imageNote for vegetarians, Saiguette does not offer the most variety in veggie options, so I would steer clear. My friend who is a vegetarian came with me and ended up ordering a noodle dish that was very plain, because the sauce could not be put on since it contained meat. However, I have looked on the menu since my meal at Saiguette, and they have a vegetable section, but I am not sure how it tastes. So there may be choices, and we happened to order the wrong thing.



I do not want to give Saiguette such a bad rep, because it is definitely an easy and quick place for take-out and the food really is not that bad. If you know what you like, then that is what is best to order. Do not go expecting a delicious, traditional Vietnamese meal and you will not be disappointed. I seem to always build up Vietnamese meals in my mind, because I so rarely get them. Hopefully, this kind of cuisine will become more popular in the area and there will be more options in the future!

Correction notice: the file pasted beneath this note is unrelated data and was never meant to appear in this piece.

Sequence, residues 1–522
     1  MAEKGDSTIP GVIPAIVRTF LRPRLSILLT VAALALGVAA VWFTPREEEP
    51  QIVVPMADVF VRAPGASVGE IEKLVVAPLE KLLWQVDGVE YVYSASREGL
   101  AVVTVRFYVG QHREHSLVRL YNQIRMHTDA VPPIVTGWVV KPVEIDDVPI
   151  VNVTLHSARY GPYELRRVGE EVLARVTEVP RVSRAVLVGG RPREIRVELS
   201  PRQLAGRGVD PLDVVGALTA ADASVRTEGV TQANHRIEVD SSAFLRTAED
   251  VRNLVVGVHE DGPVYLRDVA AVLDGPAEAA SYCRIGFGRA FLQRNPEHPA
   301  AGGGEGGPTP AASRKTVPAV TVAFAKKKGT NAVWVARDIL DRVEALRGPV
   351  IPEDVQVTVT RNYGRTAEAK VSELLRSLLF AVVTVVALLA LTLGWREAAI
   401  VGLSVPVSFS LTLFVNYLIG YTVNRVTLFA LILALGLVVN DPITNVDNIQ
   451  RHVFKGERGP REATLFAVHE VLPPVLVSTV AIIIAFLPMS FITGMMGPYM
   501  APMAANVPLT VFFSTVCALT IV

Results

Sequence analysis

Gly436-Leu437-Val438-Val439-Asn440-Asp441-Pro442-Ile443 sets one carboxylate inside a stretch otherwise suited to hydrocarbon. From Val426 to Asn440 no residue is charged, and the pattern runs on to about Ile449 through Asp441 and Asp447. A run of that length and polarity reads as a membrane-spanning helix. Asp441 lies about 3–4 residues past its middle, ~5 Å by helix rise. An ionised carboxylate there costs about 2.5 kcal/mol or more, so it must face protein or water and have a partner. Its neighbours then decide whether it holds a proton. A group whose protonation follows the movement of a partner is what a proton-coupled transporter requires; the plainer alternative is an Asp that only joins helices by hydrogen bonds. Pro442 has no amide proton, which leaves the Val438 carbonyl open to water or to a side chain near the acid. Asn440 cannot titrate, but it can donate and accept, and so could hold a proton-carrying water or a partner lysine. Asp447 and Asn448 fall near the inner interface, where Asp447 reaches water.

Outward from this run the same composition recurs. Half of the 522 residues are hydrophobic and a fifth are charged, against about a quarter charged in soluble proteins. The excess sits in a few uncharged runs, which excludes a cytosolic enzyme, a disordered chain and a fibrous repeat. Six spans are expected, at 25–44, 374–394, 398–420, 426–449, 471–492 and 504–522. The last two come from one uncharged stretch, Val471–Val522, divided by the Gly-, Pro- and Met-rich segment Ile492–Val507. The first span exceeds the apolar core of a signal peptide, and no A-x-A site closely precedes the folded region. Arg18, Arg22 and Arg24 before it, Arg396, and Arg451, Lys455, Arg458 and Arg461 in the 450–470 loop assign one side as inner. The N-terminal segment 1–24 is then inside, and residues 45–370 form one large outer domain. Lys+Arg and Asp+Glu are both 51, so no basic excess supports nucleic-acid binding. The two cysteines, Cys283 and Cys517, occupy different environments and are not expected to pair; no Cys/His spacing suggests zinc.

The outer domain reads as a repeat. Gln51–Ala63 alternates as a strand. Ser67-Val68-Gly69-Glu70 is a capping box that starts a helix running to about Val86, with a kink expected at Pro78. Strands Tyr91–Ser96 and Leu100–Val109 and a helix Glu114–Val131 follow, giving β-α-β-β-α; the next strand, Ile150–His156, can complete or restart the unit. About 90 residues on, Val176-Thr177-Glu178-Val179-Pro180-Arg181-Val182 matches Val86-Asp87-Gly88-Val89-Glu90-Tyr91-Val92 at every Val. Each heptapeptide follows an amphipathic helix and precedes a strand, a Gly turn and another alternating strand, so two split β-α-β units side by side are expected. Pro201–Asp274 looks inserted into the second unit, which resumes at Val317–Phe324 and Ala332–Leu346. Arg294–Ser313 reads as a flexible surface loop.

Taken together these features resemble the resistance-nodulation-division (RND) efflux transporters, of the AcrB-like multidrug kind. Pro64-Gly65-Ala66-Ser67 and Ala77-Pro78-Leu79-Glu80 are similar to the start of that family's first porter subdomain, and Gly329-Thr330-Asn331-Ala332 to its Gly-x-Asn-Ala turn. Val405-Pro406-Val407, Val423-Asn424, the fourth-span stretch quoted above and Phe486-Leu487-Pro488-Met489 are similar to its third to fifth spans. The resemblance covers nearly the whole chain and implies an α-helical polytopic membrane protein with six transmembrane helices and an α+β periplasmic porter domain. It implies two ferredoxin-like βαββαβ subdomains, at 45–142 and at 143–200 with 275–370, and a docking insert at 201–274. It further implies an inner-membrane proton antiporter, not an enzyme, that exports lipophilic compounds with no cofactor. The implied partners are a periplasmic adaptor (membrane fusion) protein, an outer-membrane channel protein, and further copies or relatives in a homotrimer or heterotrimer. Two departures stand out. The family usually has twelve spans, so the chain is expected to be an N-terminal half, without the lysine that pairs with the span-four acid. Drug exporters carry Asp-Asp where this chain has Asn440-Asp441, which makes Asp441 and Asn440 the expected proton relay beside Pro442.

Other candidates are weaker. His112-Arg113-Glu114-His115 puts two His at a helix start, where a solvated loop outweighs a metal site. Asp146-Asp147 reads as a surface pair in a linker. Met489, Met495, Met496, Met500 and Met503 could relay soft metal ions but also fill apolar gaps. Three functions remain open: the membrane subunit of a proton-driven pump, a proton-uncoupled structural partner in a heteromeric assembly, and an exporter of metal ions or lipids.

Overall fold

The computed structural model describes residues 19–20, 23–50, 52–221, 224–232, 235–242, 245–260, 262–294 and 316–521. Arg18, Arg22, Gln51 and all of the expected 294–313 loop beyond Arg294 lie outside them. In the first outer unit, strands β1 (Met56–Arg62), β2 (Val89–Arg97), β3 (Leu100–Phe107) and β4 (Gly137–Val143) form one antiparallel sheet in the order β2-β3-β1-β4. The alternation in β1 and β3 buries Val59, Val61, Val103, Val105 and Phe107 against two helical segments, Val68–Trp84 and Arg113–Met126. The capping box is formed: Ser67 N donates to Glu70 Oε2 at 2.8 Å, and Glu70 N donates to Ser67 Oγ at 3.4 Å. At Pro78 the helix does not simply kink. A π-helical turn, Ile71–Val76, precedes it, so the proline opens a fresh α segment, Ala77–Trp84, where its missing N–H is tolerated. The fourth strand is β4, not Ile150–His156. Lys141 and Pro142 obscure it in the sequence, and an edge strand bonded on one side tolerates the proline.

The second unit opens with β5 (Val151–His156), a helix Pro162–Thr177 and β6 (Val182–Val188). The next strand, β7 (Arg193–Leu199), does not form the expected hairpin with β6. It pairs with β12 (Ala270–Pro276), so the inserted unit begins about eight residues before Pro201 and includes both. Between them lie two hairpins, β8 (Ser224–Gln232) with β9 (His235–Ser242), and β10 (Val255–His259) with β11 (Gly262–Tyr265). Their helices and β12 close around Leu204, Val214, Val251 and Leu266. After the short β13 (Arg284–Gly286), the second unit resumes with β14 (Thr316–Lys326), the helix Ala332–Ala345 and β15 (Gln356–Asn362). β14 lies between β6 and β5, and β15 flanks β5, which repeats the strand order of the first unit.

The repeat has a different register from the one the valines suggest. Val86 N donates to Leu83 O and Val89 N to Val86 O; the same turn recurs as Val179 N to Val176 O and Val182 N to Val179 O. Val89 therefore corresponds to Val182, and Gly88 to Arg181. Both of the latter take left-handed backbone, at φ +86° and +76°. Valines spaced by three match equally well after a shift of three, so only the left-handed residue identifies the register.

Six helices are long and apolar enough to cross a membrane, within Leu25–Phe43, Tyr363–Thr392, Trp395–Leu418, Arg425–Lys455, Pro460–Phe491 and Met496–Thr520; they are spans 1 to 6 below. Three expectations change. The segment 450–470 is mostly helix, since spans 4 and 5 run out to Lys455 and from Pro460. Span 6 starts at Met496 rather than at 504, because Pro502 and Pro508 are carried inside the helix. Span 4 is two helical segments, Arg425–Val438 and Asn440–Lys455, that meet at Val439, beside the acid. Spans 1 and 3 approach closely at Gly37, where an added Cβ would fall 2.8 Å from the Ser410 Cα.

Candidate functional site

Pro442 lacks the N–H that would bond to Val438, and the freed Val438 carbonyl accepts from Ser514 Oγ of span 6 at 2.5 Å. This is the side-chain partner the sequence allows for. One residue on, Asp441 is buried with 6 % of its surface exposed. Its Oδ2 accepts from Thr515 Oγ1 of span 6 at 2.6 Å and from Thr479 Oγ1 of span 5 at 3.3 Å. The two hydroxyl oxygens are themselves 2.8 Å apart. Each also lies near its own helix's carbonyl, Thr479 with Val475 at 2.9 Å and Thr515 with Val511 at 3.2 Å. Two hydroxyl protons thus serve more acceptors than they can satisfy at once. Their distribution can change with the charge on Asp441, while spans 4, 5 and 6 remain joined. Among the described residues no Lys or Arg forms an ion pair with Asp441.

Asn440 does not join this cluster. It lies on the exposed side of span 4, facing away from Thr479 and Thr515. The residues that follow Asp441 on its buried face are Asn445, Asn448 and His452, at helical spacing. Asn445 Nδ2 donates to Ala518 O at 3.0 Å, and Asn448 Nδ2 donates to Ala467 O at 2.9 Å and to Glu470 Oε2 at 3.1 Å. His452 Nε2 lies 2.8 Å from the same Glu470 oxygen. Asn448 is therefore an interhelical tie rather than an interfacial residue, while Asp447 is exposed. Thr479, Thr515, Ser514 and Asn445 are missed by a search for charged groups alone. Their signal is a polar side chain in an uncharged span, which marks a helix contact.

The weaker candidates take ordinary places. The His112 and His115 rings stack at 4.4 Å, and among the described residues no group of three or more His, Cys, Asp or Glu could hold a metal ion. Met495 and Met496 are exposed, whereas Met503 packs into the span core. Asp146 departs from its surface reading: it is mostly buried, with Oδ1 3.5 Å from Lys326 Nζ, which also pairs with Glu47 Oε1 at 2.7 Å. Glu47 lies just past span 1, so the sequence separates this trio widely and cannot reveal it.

$13 of Happy: The Village, Vietnam and India

Last week we dealt with the infamous ramen noodle.  This time, my four buddies and I head into the world of Pho and vermicelli, the rice-based cousin of wheaty ramen.  We do so at Saigon Shack, a Vietnamese sandwich and noodle shop at 114 Macdougal Street, a few short blocks away from Washington Square Park.